Simple Beauty

by Sr. Spero

In a world called to beauty, we who have been given responsibility for creation are also responsible for the beauty of the world, of our own lives, and of each other’s lives.
—Enzo Bianchi, Echoes of the Word, Paraclete Press

 
Reading this quote from Enzo Bianchi, I immediately thought of a vegetable garden in San Gimignano, Italy. The vegetables were as you would expect—tomatoes, zucchini, eggplant—but the layout of the garden, and the obvious care given to each plant, made it a work of art. No wonder—the garden was tended by several monks of the Boze Community, which was founded by Enzo Bianchi.  A simple vegetable garden expressed beauty to all who passed by. And I suspect it also reflected the beauty and simplicity of their lives.

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A Word of Mercy

by Sr. Fidelis

Every Friday morning at Lauds, we chant Psalm 51 — perhaps the most famous of all the penitential psalms. In fact, it is quite easy to start off in the wrong weekly cycle until you get to the following psalm because it occurs on EVERY Friday of EVERY week! Not only does it occur with an extraordinary regularity, it opens and closes with the simplest of antiphons which consists of only three notes on the opening text, Miserere mei, Deus  (Lord, have mercy on me).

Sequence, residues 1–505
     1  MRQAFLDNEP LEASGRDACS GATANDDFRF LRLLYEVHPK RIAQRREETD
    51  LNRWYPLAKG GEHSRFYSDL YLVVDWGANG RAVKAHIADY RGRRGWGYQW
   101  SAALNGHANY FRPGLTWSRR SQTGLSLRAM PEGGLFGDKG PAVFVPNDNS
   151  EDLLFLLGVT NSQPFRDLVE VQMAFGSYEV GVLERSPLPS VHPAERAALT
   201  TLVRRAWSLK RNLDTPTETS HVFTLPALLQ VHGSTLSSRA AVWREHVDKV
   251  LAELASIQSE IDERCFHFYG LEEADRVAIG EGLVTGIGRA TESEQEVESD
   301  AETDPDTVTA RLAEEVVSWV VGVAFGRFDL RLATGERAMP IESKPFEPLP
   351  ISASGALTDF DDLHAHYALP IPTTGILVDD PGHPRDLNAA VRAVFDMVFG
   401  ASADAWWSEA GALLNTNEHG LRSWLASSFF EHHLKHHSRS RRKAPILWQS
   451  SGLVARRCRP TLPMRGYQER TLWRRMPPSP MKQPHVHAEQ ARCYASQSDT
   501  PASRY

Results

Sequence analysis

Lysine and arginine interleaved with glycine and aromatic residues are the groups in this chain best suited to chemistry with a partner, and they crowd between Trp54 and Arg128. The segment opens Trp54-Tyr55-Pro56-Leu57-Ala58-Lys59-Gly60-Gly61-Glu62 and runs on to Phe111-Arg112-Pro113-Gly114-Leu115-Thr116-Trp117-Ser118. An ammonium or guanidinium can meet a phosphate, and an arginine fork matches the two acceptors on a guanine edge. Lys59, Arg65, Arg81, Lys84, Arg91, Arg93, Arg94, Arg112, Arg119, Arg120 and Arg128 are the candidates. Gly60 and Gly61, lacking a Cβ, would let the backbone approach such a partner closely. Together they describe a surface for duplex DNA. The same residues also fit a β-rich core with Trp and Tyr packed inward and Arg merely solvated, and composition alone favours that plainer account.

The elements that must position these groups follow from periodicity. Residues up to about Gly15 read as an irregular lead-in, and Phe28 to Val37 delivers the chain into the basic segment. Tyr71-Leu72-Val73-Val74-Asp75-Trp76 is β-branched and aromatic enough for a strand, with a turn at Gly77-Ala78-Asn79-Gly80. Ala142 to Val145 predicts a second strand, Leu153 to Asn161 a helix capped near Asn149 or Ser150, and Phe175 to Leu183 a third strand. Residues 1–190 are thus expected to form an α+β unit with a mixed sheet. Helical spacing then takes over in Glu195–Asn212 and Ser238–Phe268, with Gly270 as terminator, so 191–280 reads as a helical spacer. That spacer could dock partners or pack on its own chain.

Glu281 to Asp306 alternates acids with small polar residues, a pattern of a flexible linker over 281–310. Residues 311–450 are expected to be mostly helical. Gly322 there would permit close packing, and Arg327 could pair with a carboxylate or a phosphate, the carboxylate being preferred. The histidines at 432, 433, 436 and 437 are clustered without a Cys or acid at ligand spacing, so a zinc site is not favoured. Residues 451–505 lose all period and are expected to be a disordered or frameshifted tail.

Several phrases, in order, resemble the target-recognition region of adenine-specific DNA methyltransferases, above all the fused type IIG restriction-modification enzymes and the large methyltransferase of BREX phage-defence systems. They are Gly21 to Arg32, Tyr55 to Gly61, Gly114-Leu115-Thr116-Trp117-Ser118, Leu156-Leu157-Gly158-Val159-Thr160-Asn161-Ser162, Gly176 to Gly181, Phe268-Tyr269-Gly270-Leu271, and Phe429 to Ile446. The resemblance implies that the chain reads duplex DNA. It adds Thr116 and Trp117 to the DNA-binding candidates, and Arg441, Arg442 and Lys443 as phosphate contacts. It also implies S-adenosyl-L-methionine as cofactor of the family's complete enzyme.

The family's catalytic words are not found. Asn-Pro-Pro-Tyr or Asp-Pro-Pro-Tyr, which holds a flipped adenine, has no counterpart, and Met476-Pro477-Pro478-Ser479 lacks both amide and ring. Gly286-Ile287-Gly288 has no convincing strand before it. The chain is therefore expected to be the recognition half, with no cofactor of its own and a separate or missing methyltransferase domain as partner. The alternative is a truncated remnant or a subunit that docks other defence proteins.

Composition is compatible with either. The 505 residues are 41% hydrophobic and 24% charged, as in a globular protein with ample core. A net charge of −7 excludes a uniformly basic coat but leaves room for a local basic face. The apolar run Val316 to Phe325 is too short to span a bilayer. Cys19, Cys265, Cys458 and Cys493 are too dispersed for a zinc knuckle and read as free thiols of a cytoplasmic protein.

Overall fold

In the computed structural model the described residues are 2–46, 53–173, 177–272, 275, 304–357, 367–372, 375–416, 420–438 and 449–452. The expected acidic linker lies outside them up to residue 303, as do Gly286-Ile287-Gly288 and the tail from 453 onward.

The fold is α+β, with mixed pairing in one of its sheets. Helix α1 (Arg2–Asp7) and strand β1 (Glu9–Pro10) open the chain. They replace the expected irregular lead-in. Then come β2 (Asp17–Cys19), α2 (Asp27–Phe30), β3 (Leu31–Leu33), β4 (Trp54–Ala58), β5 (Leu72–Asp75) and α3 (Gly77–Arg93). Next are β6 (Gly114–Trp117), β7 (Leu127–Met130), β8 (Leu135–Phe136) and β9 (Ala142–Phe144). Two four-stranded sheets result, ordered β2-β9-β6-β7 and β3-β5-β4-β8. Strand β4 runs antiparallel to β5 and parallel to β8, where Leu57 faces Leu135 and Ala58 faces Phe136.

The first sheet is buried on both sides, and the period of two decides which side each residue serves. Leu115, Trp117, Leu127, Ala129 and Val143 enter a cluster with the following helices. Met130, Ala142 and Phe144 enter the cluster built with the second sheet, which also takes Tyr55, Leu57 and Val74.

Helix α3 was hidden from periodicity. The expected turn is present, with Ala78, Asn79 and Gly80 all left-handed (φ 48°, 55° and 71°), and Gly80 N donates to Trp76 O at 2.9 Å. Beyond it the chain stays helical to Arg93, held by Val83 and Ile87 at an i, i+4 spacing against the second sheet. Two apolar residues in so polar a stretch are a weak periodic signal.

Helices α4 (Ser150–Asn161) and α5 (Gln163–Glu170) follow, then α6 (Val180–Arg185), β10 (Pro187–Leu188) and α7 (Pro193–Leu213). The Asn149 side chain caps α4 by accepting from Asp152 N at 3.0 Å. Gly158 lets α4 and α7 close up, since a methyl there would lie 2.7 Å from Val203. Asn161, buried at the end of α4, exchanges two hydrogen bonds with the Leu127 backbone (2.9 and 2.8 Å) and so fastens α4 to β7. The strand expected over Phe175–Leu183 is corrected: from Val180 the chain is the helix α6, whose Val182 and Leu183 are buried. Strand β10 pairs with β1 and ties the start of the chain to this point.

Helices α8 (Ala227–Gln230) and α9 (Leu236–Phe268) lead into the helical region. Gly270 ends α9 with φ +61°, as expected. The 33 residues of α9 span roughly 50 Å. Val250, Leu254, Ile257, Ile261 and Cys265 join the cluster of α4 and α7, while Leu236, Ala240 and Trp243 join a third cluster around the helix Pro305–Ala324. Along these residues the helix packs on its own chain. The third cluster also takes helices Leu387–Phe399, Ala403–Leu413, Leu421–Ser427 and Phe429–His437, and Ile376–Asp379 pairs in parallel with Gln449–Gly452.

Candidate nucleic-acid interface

Sometimes I find that I can’t wait to chant this psalm. I don’t have to think or perform. There are no “tricky intervals”, no vocal ranges which I will have to manage, no worry about staying in tune. The antiphon and the chant mode are both as simple as the request of the psalmist himself — “Lord, have mercy on me and create a clean heart within me.” What a beautiful and necessary message and one that I find myself in need of every time we come to Friday Lauds! This, I believe, is one of the truest beauties of chant — its ability to set itself aside as it allows the message, the colors, of the words themselves to take on ever new meanings. The very simplicity of this chant reminds me over and over again of the purity and simplicity of God’s mercy.

Have a blessed week!

Miserere

The Dormition of Mary

by Sister Fidelis

This week we celebrated the Dormition or Assumption of Mary. In preparation for this feast I pulled out a CD recorded by the Gloriae Dei Cantores Men’s Schola entitled, “The Chants of Mary.”  As I listened I was struck with the richness of the chant written in Mary’s honor, and thought again about how well-known these pieces are — pieces such as Salve Regina, Ave Maria, Regina Caeli, Ave Maris Stella. These are the beloved chants that many congregations can still sing by heart. Here, I think, is an example of our “human-ness” – the part of us that will still, even in our old age, respond to and be touched by the love and care of a true Mother, and the honor and respect we feel toward one who was willing to be simple and vulnerable, and to accept of all that God asked of her.

Taking a moment to look at Salve Regina a couple of thoughts come to mind. The simplicity and tenderness of the piece are evident in the simple structure, lack of melismas and “frills.” The line of the melody sweeps up and down peaking on important words and thoughts in a most straight-forward and child-like manner. The prayer that these words spell out has lasted through the centuries, still as pertinent as ever. Sometimes it is important just to take a moment to enjoy a little gem such as this. Listen here!